Stephen Duncan to Mary Duncan, August 25, 1863, Natchez, Mississippi.

Source citation
Stephen Duncan to Mary Duncan, August 25, 1863, Natchez, Mississippi, Abraham Lincoln Papers at the Library of Congress, http://memory.loc.gov/ammem/alhtml/malhome.html.
Recipient (to)
Mary Duncan
Type
Letter
Date Certainty
Exact
Transcriber
Transcribed by the Lincoln Studies Center, Knox College, Galesburg, IL
Adapted by John Osborne, Dickinson College
The following transcript has been adapted from the Abraham Lincoln Papers at the Library of Congress.

Natchez.

August 25th

1863

My Dear Mary

I trouble you with a line on the subject of our affairs, hoping that you may be able to communicate the substance to some person or persons having influence with the U. S. Govmt.-- In the first place -- allow me to say I have no cause of complaint against President Lincoln's Proclamation as a War Measure. All Goverments must possess the right & the power of self-preservation, -- & to use all means & measures calculated to secure this end. The President, therefore, had the right to proclaim freedom to the slaves -- if he deemed the exercise of the right necessary & essential to the suppression of the Rebellion -- but -- I think there is just ground of complaint against its indiscriminate application to friends as well as enemies & it is unfortuneately too true that its injurious effects are felt certainly by three friends (& probably five) where two enemies suffer. This is hard because the friends were powerless against the numbers opposed to them. It is further hard -- because the Confiscation Act is less [incessing?] in its destruction. It discriminates, & only operates on those found in actual rebellion with officers or soldiers in the Rebel ranks or those holding civil offices under the Rebel Govmt. If possible -- this great grievance should be remedied. It furnishes a strong argument against the U. S. Govmt -- which the secessionists do not fail to use, -- & use freely. Why would not the President allow the Army officers commanding districts -- to exercise a sound discretion in bringing the Proclamation to bear on the inhabitants of their respective districts? But again -- there is a strong & daily increasing desire to return to the Union, -- under a pledge to the adoption of a gradual system of emancipation. Efforts are now making to bring this about.-- Already the converts are numerous -- very numerous, & among those -- too -- most actively engaged on the secession side. All that is now wanting to give success to this movement is some official assurance that the rights of property holders (of any description) will be recognized on our return to the Union with the pledge on our part that immediately thereon a system of gradual emancipation shall be adopted by our State Legislature -- on just & equitable terms (without compensation in money, but liberal terms as to time.) Can the Govmt ask more than this? Could the people of the Northern & Western States desire more? Would it not be infinitely (& to all intents & purposes) better for them than Emancipation under the Proclamation? The people of the U. S. Govmt cannot be benefitted by the total & sudden prostration of our productive powers! by the extinction of our entire prosperity. If we are to live again under one Union & one Govmt -- we must live in mutual dependence on each other. Taxes for the payment of the Govmt debt cannot be collected from a people utterly ruined. The sudden emancipation of our slaves would so reduce the value of the lands -- that the fee simple would not sell for as much as could & would be collected from the people when in the enjoyment of their rights as slaveholders. But -- is it not important to bring back as speedily as possible the States of Texas, Louisiana, Mississippi, Arkansas, & Tennessee? How long after would it be before Alabama, Georgia, Florida, & North Carolina would follow the example? I cannot think otherwise than that the Govmt of the U. S. ought at once (& without a months delay) to invite the people of these States to return to the Union. It wants but some assurance that they will be treated as the Prodigal Son (so beautifully illustrated in the Scriptures) & they will gladly manifest their penitence if they can be assured that their acknowledgment will not be spurned & scorned: (signed) Stephen Duncan.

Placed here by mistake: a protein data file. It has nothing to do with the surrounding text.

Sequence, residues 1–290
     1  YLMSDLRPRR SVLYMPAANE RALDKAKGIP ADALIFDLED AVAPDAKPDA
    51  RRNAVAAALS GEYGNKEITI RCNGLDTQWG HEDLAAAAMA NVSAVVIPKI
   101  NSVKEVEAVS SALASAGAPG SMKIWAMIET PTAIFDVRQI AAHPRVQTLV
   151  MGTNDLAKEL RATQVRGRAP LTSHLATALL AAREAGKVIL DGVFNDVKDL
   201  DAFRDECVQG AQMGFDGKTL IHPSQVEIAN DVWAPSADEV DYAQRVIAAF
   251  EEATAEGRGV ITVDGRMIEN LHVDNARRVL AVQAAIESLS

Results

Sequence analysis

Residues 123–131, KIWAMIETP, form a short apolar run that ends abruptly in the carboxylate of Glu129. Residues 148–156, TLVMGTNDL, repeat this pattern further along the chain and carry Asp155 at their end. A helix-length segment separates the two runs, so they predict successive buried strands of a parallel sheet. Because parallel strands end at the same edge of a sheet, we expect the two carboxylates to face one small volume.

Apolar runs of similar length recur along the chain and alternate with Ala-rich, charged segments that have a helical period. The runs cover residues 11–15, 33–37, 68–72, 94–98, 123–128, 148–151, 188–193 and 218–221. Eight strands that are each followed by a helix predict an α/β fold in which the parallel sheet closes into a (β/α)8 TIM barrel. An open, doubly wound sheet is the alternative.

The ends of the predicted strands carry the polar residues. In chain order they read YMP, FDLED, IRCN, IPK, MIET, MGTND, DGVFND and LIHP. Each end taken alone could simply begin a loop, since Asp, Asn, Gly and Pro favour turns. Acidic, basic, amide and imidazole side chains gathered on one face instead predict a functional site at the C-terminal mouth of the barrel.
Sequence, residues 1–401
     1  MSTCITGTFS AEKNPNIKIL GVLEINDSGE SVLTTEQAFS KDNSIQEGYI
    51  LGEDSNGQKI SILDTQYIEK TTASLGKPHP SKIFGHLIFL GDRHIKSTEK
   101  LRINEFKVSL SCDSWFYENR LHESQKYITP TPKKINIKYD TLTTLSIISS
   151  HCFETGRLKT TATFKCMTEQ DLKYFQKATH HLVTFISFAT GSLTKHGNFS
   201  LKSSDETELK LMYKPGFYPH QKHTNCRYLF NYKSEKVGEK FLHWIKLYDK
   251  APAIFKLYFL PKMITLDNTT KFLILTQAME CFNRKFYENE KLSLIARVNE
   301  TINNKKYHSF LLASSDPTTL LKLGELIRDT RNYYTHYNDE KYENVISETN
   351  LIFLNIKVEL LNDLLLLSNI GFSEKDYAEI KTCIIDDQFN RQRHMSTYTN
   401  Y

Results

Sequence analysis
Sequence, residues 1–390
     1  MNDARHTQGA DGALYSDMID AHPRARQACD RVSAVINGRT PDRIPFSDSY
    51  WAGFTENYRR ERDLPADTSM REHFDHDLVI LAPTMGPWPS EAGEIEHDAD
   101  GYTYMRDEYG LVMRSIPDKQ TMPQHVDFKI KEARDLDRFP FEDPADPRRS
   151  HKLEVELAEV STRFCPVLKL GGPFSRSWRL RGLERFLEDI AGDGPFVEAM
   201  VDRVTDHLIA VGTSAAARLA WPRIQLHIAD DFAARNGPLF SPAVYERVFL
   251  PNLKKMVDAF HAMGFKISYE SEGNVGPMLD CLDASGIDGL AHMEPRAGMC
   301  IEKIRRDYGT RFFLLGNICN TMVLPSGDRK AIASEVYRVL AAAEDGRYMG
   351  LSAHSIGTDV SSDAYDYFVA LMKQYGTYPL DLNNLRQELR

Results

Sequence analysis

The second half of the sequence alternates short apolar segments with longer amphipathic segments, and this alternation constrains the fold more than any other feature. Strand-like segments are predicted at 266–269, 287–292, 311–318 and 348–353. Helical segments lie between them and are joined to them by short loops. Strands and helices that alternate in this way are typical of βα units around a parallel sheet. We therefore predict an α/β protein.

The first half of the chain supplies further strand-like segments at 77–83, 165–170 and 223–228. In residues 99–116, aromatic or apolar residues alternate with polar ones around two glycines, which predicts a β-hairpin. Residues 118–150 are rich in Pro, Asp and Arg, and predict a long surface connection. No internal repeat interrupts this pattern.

[Note 1 This letter was enclosed in a letter from Reverdy Johnson to Lincoln, September 19, 1863. See Collected Works, VI, 481.]

How to Cite This Page: "Stephen Duncan to Mary Duncan, August 25, 1863, Natchez, Mississippi.," House Divided: The Civil War Research Engine at Dickinson College, https://hd.housedivided.dickinson.edu/node/46799.